The stand-out success of the batch must be mainland director Ning Hao's HK$8-million budget Crazy Stone, which stole The Banquet's thunder when it opened on the mainland in summer.
Lee Kung-lok's My Mother is a Belly Dancer, meanwhile, provided a remarkable example of how a good film could be made without the usual props of special effects and a stellar cast. The gritty story of a group of disenchanted housewives in a public housing estate managed to evoke more emotions - and favourable reviews - than probably all the CGI-aided productions combined.
To talk of winners in such bleak times might seem churlish, but Alex Fong Lik-sun emerged from 2006 with a triumph of sorts. Having clocked up four leading roles this year - and a fifth part in the ensemble piece McDull, the Alumni - he is officially the busiest actor in town. Sadly, his feat highlights the problems rather than the merits of the local scene. Two of the films he starred in, Marriage With a Fool and Love@First Note, were fluffy excuses for Paco Wong Pak-ko to showcase his Gold Label pop artists.
I'll Call You, Lam Tze-chung's directorial debut under the aegis of Lau's First Cuts project, was equally lightweight, and Dating a Vampire (written by Wong Jing and starring yet another Gold Label pop singer, Miki Yeung Oi-kan) was appalling.
One has to look beyond the mainstream to discover those who came through the year with their reputations enhanced. Composer Peter Kam Pui-tat is among that small group after winning a Silver Bear at the Berlin Film Festival for his musical score on Edmond Pang Ho-cheung's plaintive Isabella.
Patrick Tam Ka-ming, meanwhile, struck gold with After This Our Exile, winning two awards at the Tokyo International Film Festival.
Despite such plaudits, local arthouse cinema took a battering this year, the biggest blow probably coming with the closure of Wan Chai's Cine-Art House, the bastion for independent, alternative fare since it opened in 1988. The cinema's sad demise concludes a miserable year for small theatres in Hong Kong. Four other small venues shut this year: Causeway Bay's New York, Silvercord in Tsim Sha Tsui, as well as Tuen Mun Cinema and Fanling Town Centre, the sole operator of its kind in the district.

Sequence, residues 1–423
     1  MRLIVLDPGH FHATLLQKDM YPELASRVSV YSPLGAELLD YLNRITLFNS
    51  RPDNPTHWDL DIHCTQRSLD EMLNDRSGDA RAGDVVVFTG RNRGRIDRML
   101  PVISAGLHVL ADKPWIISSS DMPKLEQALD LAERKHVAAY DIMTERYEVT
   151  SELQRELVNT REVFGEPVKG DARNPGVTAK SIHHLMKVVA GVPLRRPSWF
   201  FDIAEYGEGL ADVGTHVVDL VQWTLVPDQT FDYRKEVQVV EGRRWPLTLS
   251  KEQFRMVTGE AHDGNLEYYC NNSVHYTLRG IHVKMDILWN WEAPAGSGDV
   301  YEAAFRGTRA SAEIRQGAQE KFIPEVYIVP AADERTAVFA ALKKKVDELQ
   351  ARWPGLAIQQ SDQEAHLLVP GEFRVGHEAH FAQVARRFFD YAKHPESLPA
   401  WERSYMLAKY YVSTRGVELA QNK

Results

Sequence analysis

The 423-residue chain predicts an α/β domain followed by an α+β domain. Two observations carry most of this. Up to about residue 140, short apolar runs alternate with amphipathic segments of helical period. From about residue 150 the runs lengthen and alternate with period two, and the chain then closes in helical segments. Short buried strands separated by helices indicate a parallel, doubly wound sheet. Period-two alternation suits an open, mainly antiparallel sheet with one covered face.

Not even the big chains were immune to the sharp downturn in box-office takings. AMC Festival Walk, newly acquired by Edko Films (the company which also runs the Broadway cinemas) was forced to cut its capacity and free up space for retail outlets - just like New York and Silvercord.
With Broadway Cinematheque now the only venue willing to provide screen time for so-called specialist films, the future looks grim for distributors trying to screen off-kilter movies.
Those that did make it to the cinemas sometimes suffer ignominious fates. Terrence Malick's The New World, for example, was given just a one-week run in a handful of cinemas before being quickly withdrawn - and the same happened to Oskar Roehler's The Elementary Articles, another one-week non-wonder, even if it managed to secure a best actor award at this year's Berlin Film Festival.
Even Hollywood productions were vulnerable: films such as North Country and A Scanner Darkly simply went straight to DVD in Hong Kong, despite distributor Warner Bros securing the screening rights.